You Shouldn’t Recruit Your Warm Market

Written by DupedByPinkFriend

When a new consultant begins her Mary Kay journey, she is instructed to practice giving facials and skin care classes with her friends and family.  This sounds reasonable, and seems to make sense, as many women who join Mary Kay have no previous sales experience, have little knowledge about skin care or makeup application, and are a bit nervous about performing in front of a group of strangers.

Little Miss New Consultant is told to “fake it till you make it” and “you can be successful with the right amount of enthusiasm” and “your friends and family won’t mind if you make a mistake; that is the best way to learn”.  In practicing with her friends and family, there is already a sense of trust established.  This is her “warm market”.

It would seem that the new consultant’s recruiter obviously has her best interests at heart, understands her natural trepidation, and truly cares about her budding career in selling the products.  On the face of it, this is true, to an extent.  The recruiter needs her new consultant to experience immediate success, to maintain the level of excitement the new recruit experienced when she first signed up.

What is not so obvious is the fact that the recruiter knows that most women despise being “pushy”.  Women hate the thought of approaching strangers and asking to be allowed into their homes to hold a party, and also asking those women to divulge their friends’ contact information.   The term “cold market” refers to the people who are not known to the consultant.

Initially selling to her warm market gives a new consultant an unrealistic sense of success, reinforces the “Mary Kay sells itself! The products just fly off the shelves!” claim, and most importantly (for the time being), encourages the new consultant to order more products.  Selling to one’s warm market involves the “PPs”:  pressure purchases and pity purchases, and it is patently pathetic to do this to trusted friends and family.

It get worse, however.  Pretty soon,  Miss New Consultant begins to hear:  “Is there any reason why you can’t invite your mom/sister/friend to a meeting?”,  “Wouldn’t she love to be pampered and let us make a fuss over her?”,  “I just know she would love to do what we do!” and  “It’s selfish to not want to share the opportunity!”  If this advice is acted upon, trouble lies ahead because once the new consultant brings guests to a meeting or a “career event”, she relinquishes control over how the “opportunity” is presented to her dear ones. Ultimately,  the recruiter’s goal is to build a team in order to earn the “big girl paychecks” and needs to get *her* recruits to sign up as many women as they can.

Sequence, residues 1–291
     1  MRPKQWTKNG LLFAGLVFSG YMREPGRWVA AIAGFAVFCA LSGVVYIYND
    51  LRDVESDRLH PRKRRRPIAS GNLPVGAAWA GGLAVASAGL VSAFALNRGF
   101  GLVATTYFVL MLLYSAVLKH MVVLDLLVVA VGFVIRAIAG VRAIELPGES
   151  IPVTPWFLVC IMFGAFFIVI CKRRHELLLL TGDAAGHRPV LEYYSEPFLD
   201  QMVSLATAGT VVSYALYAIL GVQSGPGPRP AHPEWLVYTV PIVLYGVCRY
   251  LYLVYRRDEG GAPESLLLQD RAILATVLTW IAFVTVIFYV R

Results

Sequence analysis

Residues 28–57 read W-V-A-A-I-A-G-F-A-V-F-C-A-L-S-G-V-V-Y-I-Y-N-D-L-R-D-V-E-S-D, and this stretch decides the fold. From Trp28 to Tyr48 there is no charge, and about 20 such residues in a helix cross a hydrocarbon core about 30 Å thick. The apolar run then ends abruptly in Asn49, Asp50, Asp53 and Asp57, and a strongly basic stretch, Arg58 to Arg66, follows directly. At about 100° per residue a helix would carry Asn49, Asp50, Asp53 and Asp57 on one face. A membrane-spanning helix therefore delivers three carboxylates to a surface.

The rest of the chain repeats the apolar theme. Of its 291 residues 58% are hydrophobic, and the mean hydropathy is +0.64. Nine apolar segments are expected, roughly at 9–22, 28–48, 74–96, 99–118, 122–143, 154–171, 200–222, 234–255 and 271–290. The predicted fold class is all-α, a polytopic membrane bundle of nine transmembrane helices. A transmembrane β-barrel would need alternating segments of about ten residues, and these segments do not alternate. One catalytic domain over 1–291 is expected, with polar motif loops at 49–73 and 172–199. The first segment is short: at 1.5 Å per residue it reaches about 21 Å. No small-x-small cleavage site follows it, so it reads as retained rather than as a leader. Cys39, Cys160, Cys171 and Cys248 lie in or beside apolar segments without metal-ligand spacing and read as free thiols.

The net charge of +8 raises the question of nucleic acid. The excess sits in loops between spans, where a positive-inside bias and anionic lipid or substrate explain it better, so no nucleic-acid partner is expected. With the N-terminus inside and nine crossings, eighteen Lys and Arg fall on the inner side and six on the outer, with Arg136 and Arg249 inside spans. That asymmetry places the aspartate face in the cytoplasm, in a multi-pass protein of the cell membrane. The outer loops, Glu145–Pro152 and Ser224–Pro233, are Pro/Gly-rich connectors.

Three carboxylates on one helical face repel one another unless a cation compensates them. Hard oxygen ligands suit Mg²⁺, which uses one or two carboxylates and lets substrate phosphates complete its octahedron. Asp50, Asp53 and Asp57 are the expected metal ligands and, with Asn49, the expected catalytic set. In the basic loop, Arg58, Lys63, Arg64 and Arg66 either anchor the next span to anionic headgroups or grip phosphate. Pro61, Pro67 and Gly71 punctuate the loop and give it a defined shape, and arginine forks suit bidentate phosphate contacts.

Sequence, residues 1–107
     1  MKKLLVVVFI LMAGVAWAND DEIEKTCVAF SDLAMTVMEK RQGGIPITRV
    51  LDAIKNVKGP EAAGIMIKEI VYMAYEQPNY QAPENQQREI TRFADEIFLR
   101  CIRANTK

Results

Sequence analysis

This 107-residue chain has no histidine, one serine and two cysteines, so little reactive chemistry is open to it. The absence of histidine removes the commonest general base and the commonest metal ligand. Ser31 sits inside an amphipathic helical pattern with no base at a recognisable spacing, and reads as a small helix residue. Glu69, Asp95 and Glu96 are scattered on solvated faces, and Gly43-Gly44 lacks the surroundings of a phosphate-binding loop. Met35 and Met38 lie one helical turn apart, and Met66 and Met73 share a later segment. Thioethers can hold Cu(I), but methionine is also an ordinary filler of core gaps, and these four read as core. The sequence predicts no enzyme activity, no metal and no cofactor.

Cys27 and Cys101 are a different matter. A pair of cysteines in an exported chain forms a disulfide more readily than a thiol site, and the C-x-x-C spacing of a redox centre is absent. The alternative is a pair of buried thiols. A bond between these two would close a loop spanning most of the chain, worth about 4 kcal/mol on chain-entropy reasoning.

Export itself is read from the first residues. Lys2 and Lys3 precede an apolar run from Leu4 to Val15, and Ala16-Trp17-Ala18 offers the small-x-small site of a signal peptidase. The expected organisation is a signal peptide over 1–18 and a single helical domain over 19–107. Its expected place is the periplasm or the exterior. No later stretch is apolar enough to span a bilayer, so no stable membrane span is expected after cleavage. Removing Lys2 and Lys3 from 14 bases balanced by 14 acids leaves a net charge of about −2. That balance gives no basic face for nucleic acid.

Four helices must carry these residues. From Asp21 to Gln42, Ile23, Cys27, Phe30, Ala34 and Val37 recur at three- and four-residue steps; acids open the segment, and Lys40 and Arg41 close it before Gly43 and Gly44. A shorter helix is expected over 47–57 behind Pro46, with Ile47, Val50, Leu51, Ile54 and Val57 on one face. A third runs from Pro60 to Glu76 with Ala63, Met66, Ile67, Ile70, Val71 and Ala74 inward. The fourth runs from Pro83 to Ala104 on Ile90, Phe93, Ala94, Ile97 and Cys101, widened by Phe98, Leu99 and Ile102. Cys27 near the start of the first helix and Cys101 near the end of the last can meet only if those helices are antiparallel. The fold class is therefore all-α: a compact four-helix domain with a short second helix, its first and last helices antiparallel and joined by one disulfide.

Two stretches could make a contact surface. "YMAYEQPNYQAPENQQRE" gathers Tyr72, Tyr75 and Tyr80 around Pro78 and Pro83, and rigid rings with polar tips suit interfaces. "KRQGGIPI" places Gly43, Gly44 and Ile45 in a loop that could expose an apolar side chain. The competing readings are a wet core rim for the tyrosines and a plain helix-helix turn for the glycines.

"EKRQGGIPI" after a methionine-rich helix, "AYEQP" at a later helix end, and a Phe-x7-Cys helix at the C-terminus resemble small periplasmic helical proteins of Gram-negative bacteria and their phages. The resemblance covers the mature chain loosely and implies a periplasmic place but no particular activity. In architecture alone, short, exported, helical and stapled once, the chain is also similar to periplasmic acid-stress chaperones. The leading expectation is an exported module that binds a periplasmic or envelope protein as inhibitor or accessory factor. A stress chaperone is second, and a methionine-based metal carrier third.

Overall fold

In Mary Kay, the recruiting process includes telling half-truths, blatant lies, and avoiding answering questions.  It includes pressure tactics and manipulation.  Recruiters are expressly taught *not* to tell a prospect everything about a career in Mary Kay, because “too much information is overwhelming!”  Once she signs up, only then does a new recruit begin to hear about and experience the realities of the Mary Kay business.  Those realities include, but are not limited to, the fact that most areas are saturated with an abundance of consultants, that once she has gone through her warm market it becomes increasingly difficult to find new customers who are willing to give her the time of day, and that if she really wants to be successful in Mary Kay, *she* must also recruit.

Often Miss New Consultant has not yet learned the truth about the vast number of problems inherent in selling Mary Kay.  She was only presented with “the best opportunity for women” in glowing terms while the true facts were not disclosed.  But, sadly enough, she will learn in time, and so will her own recruits.

When her mother, sister and friends learn that they were not told the whole truth about this scheme, the natural trust will begin to dissipate.  In fact, when they realize that they were delivered into the hands of a cunning, conniving manipulator wearing a smile, those warm feelings will begin to run cold.  It is never worth risking the relationships with those who are held dear, for a chance at “success” in Mary Kay.


  1. Autumn

    It sounds like the insurance scam, you get your property and casualty license and/or you life insurance license and your trainer uses YOUR contact list to train you and once that’s been burned through you are declared trained and have to either start cold calling or get your own recruits to burn through their contact lists and so forth.